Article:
• halm

    To weight pass protection more than receiving is absolutely criminal. First and foremost a half back/running back is an offensive weapon and so key offensive statistics should definitely play a bigger role in ranking him.
    It’s also important to remember the most likely reason Forte was asked to block so often is due to a brand new o-line in front of him.

  • Steven

    Forte is asked to do more than 95% of RBs in the league, and struggles at times because of it. But his net results is a huge fat positive for the Bears. If the team didnt trust him to block they wouldnt have him pass block as much as he does and we all know jay likes to hold that ball a bit longer than most QBs. Sounds like your colleagues looking too much at stats and not using the eye test as much, Thats great in baseball, but this is not baseball.

    • [email protected]

      Agreed, baseball is a MUCH simpler game. In football you have 22 guys affecting every play.

  • Tommy MIlanovich

    Well first off pass blocking should be graded in %. If Matt Forte gave up 17 QB pressure it should be compared to how many times he was asked to pick up the blitz. If he was asked to pick up the blitz idk say 75 times. He was effective 77% of the time. Now we take someone else like idk McCoy, Now idk the actual statistics but I’m just throwing numbers out for an example. Lets say he had 7 QB pressures but only had to pick up the blitz 20 times because he was not asked to pick up blitzes as much. That means McCoy was only effective 53% of the time making Forte the more reliable back in blocking. Now idk if the grading is done like this but I assume not. Most backs in the league would have a much worse grade than forte in terms of blocking if they were asked to block as much as him. So what they need to do is break it down to a much more equal level. Simplest way to achieve this is just to break it down to percentages and see how effective they were when asked to do that specific duty. If there in the backfield blocking with no blitzers they are 0-0 that play. If they pick up the blitz well and do not give up a QB pressure they are 1-1 on that play. If they give up a QB pressure on the blitz then they are 0-1. They should not be penalized however when lets say the RT biffs on his block and the running back is unable to stop the penetration from the defender, but if he does lay the block it should affect his statistics positively, so we give him a freebie, 1-0. So at the end of the year the back has been asked to pick up 56 blitzes, he gives up 10 QB pressures, but he makes up for broken blocks 2 times. So that makes him 48-56 (46-56 but the 2 added blocks brings it to 48-56) in the backfield making him 86% effective… Thats how they should be graded. No player should be penalized for being a bigger part of their team. Agreed?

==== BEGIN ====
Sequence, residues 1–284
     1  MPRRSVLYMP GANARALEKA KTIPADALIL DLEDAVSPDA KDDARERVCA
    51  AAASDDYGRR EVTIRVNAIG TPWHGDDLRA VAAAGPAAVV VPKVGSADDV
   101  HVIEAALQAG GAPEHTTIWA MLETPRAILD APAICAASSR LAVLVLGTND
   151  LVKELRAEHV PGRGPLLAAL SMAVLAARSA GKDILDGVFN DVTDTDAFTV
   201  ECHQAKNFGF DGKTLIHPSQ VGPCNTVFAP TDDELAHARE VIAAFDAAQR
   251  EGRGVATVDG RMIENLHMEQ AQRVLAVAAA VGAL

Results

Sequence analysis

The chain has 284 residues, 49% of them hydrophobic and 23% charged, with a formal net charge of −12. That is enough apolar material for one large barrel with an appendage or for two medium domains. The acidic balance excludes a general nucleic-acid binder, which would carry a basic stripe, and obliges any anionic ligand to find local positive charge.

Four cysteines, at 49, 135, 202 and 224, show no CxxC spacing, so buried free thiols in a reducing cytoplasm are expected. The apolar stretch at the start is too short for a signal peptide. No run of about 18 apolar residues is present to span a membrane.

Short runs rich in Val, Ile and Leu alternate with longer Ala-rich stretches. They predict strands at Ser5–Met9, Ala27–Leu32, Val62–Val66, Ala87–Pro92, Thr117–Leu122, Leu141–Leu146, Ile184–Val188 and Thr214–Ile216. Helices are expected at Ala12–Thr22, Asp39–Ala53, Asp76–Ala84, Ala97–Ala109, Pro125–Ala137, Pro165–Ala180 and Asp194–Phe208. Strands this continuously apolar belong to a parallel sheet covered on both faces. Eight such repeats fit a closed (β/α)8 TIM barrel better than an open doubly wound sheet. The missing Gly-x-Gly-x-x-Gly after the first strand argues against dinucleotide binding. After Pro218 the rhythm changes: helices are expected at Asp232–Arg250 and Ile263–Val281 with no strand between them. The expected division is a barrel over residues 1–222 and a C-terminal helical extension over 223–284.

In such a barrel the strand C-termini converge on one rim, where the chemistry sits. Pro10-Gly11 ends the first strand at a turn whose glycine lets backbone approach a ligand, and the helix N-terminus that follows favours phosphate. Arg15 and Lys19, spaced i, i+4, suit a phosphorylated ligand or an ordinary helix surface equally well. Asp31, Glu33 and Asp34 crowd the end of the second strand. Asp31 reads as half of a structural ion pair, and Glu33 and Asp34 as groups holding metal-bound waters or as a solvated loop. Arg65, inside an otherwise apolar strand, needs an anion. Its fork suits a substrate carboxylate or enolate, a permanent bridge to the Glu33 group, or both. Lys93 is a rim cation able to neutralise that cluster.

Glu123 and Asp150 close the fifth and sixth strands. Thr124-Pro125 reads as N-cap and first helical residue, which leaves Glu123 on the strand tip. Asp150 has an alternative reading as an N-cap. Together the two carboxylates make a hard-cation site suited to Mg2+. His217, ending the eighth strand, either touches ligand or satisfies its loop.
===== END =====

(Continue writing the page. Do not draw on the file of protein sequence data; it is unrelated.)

• Burma Jones

    “To weight pass protection more than receiving is absolutely criminal.” I have to agree with this. Not that your team and scheme won’t influence your offensive stats, but how well and often a back blocks is way too dependent on factors other than the RB to be meaningful and snub someone as patently talented as Matt Forte off of this list.

  • Jesse

    He only gets those receiving touches because he’s the passing back; which is also why he gets te pass block opportunities. They go hand-in-hand. So, to me, it’s cherry-picking to laud one and put the other in the corner.

  • Andy Collier

    Wow, this is really surprising. Forte was involved in 36% of the Bears offensive plays last year, and they passed a TON! He also almost amassed 2,000 yards from scrimmage. So he’s not a good pass blocker? How many times did he block compared to other RBs? I think that’s paralysis by analysis…